There is significant legal guidance and case law available to support clinicians in assessing whether young people aged over 13 years are able to make informed decisions about their own healthcare; however when working with children aged 8-12 years, the guidance is unclear. In order to assess whether 8-12 year olds are able to make decisions in their own healthcare, we first need to understand the factors that influence this process.
A systematic literature review of five electronic databases (PsycINFO, EBSCO, Science Direct, Science Full Text, Web of Science All Databases) was conducted. The search identified 12 studies and one piece of government guidance. The studies were identified from a variety of health and social research journals. The six factors that were identified were: 1) consent, competence and capacity, 2) best interests, 3) communication, 4) risks and conflicts, 5) legal frameworks, and, 6) parental role.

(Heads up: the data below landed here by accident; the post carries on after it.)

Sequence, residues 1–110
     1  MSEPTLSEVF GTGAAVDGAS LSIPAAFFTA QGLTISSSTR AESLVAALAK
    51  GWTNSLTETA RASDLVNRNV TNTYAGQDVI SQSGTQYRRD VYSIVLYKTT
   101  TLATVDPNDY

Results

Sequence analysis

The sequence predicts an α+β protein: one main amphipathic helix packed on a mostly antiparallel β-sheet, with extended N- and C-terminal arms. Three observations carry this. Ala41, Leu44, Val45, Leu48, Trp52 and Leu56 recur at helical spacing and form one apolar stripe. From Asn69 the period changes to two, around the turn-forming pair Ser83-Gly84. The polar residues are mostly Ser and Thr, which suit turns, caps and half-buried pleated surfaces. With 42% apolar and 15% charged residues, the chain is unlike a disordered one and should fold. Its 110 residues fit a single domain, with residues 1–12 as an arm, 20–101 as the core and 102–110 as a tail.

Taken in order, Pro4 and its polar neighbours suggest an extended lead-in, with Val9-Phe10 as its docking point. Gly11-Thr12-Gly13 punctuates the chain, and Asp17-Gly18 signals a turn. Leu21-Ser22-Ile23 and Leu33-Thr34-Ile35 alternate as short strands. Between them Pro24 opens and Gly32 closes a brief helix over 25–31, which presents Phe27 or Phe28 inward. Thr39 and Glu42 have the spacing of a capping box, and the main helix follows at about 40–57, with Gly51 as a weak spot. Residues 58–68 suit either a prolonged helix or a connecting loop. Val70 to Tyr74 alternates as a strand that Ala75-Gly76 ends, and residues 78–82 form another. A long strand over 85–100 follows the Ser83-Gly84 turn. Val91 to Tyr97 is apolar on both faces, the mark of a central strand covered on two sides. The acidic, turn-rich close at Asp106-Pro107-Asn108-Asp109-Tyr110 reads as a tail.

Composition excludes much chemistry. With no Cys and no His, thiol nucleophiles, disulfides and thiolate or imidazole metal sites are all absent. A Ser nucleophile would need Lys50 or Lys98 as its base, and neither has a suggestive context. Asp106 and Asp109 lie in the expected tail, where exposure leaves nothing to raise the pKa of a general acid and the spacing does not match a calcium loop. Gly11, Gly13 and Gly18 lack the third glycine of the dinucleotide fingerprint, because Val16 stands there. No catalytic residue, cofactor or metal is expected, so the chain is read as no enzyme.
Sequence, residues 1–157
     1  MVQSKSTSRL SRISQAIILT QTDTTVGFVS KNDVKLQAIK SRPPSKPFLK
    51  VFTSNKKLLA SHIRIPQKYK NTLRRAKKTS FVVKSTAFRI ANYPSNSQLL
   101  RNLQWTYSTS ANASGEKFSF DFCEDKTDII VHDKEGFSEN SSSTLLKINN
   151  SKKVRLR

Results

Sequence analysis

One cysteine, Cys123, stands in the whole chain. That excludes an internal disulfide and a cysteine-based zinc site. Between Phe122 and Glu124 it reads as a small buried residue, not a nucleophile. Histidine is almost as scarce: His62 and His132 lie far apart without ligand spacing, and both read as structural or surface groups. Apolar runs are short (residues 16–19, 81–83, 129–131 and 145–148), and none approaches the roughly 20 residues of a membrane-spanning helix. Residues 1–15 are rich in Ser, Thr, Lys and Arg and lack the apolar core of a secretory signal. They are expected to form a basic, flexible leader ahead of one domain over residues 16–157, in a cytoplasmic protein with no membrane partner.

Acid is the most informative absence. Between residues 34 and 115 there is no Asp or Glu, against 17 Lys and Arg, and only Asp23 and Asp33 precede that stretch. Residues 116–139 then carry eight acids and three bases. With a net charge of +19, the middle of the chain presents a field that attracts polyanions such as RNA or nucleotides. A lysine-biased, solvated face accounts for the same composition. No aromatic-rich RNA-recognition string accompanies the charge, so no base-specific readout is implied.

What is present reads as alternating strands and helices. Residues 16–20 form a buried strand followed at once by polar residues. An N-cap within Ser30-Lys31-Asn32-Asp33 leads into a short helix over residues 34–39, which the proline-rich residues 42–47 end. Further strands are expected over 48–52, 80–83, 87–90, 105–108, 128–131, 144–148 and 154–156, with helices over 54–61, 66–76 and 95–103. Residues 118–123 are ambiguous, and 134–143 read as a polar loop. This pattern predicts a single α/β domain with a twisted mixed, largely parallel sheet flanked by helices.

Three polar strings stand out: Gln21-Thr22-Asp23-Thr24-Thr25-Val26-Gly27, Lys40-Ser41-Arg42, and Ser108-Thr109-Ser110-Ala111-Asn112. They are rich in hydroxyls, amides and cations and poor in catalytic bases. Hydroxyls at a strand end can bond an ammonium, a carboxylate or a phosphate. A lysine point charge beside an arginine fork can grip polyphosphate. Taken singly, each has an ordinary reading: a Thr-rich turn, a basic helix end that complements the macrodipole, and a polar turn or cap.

The review concludes that it is possible for some children 8-12 years of age to make decisions regarding their own healthcare. The necessary conditions are that age specific language is used through a variety of mediums which will include risks, benefits and options for the proposed interventions. Clinicians need to be skilled in the assessment of the child’s ability to make decisions and be effective communicators with a commitment to children’s involvement. Further research in both these areas is needed.